Adam Hattersley faces a battle that is not so much uphill as it is up-Mount Everest.
He’s a Democrat in Florida. In a Cabinet race. He has minimal resources and precious little name ID. He’s up against an incumbent with vast resources in a little-watched, down-ballot contest.
In seeking to oust Republican Jimmy Patronis from his Chief Financial Officer position, Hattersley hopes to become just the third Democrat to win a Cabinet seat in Florida in 22 years.
Through Oct. 14, Patronis has spent more than $3.4 million, with outlays from his political committee, Treasure Florida, and his campaign account combined. The Republican Party of Florida has also pitched in nearly $400,000 of in-kind contributions for staff and consultants. Hattersley has spent $282,000 through Oct. 21, according to state campaign finance records.
Heading into the last weeks of the campaign, Patronis had nearly $4.3 million to draw from Treasure Florida and his campaign account, more than 134 times the $32,000 cash on hand remaining in Hattersley’s account.
Patronis, 50, a Panama City restaurant owner, has served in the CFO position since 2017, when then-Gov. Rick Scott selected him to fill the vacancy left by Jeff Atwater, a Republican who resigned to become the CFO at Florida Atlantic University in Boca Raton.
Patronis was then elected in his own right in 2018. Under the state constitution, running for another term doesn’t break its cap on two terms for Cabinet positions.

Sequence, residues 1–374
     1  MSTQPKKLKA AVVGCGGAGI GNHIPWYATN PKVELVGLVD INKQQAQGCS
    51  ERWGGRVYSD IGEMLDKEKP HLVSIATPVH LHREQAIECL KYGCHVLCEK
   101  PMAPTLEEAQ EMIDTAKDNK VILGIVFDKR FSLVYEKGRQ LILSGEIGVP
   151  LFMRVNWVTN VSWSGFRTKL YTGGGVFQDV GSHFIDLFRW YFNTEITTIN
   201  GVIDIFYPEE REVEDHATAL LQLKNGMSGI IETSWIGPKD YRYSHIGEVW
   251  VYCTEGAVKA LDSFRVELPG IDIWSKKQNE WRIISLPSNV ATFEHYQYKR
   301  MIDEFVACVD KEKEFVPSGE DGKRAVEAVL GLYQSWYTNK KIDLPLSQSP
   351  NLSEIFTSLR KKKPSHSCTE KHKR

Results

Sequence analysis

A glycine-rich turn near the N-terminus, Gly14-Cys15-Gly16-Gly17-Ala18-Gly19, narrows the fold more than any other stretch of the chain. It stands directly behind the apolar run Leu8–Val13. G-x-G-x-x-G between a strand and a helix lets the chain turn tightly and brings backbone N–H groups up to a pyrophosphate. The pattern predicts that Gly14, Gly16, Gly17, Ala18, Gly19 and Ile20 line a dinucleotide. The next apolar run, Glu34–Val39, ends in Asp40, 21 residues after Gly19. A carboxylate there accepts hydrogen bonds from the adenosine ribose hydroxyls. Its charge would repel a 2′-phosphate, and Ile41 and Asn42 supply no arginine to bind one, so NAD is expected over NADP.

Hattersley, 44, is a U.S. Navy veteran who won a Tampa-area state House seat in 2018 before mounting a failed bid for the U.S. House in 2020. He lost in the Democratic primary to Alan Cohn, who went on to lose to Republican Scott Franklin in the General Election.
The CFO position oversees the state’s revenues and expenses and has oversight of the Office of Insurance Regulation and the Office of Financial Regulation. Patronis has backed DeSantis’ and the GOP-led Legislature’s moves to install a $2 billion reinsurance fund to back up the state’s fragile property insurance market, and has pushed a greater crackdown on fraud to help ease the crisis, which has seen six insurers fail this year and premiums skyrocket for homeowners.
Hattersley has criticized Patronis for not halting or reversing the hike in insurance costs, which are set by the OIR, or addressing the state’s affordable housing crisis.